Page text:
With Glen Sather in charge, the New York Rangers have had nothing but stability. Now, they are facing a huge decision finding his replacement.

Dom Renna

For the last 19 years, Glen Sather has been the one constant for the New York Rangers, Jim Dolan and Madison Square Garden.

In an era that has seen the New York Knicks go from a competitive team into a complete mess, Sather has somehow been able to keep the stink surrounding the basketball team from ever coming near the Blueshirts. He’s done it all, including gaining complete control of the hockey operations staff with Dolan staying away. It’s a system Dolan’s been trying to implement with the Knicks the last few years but has failed to find the right mix.

Now, as the 2018-19 comes to an end, Sather is ready to relinquish control of the one area Ranger fans have never had to worry about for almost two full decades. All of sudden, the Rangers now find themselves facing one of the most important decisions they’ve had to face during this rebuild: finding a proper successor to Sather.


There are plenty of directions the Blueshirts can go when looking for Sather’s replacement. They can choose from in house and promote someone who knows the plan and how the organization works, or they can go from outside the organization. New York will have to choose if they want to go with someone who has experience or go with someone who’s done it in the past and knows the ins and outs of running an organization.

While there are plenty of options surrounding the Rangers, they need to be careful otherwise there can be significant repercussions.

New York Rangers

Now you might be saying to yourselves, “Well, Glen isn’t the one making the moves; it’s Jeff [Gorton].” What you have to remember is Jeff Gorton answers to the president. If he has a move on the table that the president doesn’t like, they have the power to nix whatever deal is in place. So clearly, this transition affects everyone all the way from the top to all the way at the bottom.

Where New York and Dolan cannot go to is giving this job to someone who does not have the experience of working in an NHL front office. At this stage of the rebuild, it would be a huge mistake going that route considering what’s at hand. While they might be qualified for the job, the experience is probably the most important part of doing this job. How many times have we seen someone without experience go into a situation and look lost, eventually putting the franchise back years?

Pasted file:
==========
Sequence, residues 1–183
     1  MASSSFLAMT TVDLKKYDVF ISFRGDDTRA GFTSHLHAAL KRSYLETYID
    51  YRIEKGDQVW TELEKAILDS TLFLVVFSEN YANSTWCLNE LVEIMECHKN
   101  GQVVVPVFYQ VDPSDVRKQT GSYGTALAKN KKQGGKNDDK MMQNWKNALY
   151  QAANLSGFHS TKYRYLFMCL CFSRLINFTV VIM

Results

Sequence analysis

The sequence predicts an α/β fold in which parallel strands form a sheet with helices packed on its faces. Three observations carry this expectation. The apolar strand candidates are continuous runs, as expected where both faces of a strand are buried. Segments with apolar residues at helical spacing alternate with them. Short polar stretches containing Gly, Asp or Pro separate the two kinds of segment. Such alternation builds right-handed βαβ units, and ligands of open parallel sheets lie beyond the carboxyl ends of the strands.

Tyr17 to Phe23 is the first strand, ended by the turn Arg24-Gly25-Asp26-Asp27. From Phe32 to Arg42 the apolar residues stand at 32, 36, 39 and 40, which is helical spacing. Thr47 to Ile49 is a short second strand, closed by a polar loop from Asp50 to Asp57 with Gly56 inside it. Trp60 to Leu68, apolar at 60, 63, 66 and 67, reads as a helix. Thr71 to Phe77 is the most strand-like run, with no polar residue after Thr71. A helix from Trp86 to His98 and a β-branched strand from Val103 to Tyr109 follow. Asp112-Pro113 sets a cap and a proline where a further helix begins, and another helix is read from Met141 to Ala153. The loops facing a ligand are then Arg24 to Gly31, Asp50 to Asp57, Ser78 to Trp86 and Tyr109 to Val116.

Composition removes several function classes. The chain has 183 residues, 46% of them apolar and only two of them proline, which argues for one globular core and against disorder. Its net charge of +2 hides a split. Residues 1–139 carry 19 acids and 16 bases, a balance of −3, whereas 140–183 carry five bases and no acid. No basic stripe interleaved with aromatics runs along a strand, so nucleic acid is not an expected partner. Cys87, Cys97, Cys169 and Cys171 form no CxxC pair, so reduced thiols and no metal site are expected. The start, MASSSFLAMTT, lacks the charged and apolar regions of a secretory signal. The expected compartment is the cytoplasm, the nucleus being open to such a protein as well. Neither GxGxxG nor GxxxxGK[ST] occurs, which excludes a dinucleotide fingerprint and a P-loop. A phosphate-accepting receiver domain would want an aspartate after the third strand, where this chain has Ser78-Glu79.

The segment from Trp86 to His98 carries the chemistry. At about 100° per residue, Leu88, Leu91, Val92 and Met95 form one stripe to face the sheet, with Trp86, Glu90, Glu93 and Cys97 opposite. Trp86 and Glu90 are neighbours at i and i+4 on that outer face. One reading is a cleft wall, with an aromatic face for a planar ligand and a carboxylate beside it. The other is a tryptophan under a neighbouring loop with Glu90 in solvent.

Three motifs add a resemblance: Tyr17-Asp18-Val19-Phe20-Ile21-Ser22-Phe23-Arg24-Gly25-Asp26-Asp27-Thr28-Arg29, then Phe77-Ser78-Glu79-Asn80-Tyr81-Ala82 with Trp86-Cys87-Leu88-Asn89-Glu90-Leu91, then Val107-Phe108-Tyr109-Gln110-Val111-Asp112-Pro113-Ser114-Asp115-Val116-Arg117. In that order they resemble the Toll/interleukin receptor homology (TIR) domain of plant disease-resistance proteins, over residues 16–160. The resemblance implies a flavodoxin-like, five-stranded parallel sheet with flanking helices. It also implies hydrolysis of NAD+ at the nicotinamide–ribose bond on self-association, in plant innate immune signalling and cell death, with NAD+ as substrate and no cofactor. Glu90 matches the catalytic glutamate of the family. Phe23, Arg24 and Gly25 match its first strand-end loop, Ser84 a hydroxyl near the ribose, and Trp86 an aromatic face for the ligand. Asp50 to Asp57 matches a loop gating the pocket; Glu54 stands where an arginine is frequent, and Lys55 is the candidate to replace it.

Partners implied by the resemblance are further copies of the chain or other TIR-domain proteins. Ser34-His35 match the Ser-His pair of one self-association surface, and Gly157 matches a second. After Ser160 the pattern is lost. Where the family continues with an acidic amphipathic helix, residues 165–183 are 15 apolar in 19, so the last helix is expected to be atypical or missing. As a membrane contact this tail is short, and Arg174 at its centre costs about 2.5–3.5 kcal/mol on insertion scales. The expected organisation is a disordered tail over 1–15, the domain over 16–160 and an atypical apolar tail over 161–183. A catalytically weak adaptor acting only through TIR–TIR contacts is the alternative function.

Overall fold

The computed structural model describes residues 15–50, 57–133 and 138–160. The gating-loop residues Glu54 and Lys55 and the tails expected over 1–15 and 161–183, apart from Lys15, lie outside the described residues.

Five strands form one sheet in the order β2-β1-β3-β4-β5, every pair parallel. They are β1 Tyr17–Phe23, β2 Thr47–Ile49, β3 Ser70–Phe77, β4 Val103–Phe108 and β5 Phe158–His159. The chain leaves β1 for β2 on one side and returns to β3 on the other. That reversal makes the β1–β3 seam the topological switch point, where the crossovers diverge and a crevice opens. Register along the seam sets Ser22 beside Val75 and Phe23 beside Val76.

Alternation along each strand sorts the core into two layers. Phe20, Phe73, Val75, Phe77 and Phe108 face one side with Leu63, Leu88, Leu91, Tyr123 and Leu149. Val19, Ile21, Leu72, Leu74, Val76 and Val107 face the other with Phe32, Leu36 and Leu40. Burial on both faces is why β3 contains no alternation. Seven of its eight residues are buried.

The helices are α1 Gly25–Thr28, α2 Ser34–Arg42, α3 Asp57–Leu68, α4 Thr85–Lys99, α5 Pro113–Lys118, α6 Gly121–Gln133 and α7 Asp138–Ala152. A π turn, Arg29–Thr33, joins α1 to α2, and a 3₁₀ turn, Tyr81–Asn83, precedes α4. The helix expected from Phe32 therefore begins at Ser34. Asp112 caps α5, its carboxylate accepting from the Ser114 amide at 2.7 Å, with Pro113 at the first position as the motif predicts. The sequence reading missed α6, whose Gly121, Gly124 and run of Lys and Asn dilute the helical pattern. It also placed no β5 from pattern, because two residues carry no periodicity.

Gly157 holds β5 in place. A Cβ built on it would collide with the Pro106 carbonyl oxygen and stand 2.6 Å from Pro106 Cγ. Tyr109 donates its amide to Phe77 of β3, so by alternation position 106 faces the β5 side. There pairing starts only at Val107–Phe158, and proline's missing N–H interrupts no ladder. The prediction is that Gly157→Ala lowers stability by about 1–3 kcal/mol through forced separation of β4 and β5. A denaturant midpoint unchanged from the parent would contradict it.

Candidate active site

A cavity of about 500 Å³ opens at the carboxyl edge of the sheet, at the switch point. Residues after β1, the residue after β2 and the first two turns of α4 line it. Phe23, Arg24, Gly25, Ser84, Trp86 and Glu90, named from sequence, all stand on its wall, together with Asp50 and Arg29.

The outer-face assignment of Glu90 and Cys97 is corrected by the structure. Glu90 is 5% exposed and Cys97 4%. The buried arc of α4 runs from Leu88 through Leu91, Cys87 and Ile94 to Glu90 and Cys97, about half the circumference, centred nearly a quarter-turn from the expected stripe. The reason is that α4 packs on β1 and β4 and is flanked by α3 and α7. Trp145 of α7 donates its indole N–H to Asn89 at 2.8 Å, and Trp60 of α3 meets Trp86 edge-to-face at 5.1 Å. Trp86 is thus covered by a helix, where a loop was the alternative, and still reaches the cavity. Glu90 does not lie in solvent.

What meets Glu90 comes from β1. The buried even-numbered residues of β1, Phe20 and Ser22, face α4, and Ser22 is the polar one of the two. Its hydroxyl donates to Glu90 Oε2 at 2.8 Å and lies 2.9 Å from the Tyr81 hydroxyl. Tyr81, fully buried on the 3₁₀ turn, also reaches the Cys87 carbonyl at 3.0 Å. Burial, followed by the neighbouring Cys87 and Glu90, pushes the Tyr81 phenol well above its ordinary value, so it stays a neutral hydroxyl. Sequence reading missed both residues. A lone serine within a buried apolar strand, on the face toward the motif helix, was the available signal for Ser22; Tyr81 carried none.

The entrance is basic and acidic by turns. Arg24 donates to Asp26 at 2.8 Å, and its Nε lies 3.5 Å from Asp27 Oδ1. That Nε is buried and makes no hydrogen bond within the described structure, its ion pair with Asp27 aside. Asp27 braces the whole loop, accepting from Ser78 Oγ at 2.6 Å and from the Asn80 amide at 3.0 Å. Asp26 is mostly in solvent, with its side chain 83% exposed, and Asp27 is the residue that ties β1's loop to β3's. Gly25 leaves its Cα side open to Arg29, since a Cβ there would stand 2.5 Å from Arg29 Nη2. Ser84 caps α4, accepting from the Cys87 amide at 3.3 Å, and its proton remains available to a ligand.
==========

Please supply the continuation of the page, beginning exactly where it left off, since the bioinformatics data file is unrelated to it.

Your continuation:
Looking for an example? Go no further to when Dolan gave Hall of Fame coach Phil Jackson full control of the Knicks. His first move was to bring in a coach with no coaching experience at all, he caused a rift with the franchise’s biggest player, Carmelo Anthony, and he even caused problems with Kristaps Porzingis, perhaps the only good thing to come out of his tenure.

Simply put, experience has to mean something when making a decision of this magnitude, especially in the situation the Rangers find themselves in. It’s not like New York is contending and can ease a new president in along the way. They are in one of the most important phases as an organization in the last two decades meaning whoever gets this job must hit the ground running and mistakes cannot be tolerated.

This decision also has implications on many others throughout the organization. While talking on “The Michael Kay Show” April 5, Sather could not guarantee the job security for both general manager Jeff Gorton and head coach David Quinn.

(Seth Wenig/AP)

Let’s start with Gorton because he’s really done a masterful job at turning the Rangers aging pieces into young assets. His resume has always been impressive. The work he did in Boston having a large impact on some of the key players on their roster now. But take away his work in Boston and look at what he’s done in New York.

He’s accumulated seven first-round draft picks in the last three years after the franchise went four straight seasons without having a single first round pick. He’s also accumulated great young talent in Brendan Lemieux, Ryan Lindgren, Libor Hajek, and Brett Howden improving a depleted farm system.

His plan seems to be working and a new president might not see eye to eye on that plan. If they don’t and decide to go separate ways, the Rangers will be taking steps backward rather than taking a step forward. Gorton has been an integral part of this process and really should have his job secure for the work he’s been able to do the last few seasons.

For Quinn, the Rangers look like they found the perfect coach to lead a young rebuilding team. All of his players seem to have his respect whether they are a veteran or a rookie and seem to go out there and play for him every night. He has a great rapport with his team and is doing great work developing guys like Pavel Buchnevich, Mika Zibanejad, Brady Skjei, and Chris Kreider.

There is absolutely no reason for a new president to come in and make major moves to this team because there is already a very solid foundation already in place. While it was a foundation Sather and Gorton have built together, it looks like a foundation that can help the Rangers get out of the bottom-six of the league over the next couple of years.

Whoever the next president is should look to add to the plan the New York Rangers have set in place the last three season, not completely uproot it and go in a different direction. If they make the mistake of hiring the wrong person, who knows how far back they can set themselves.

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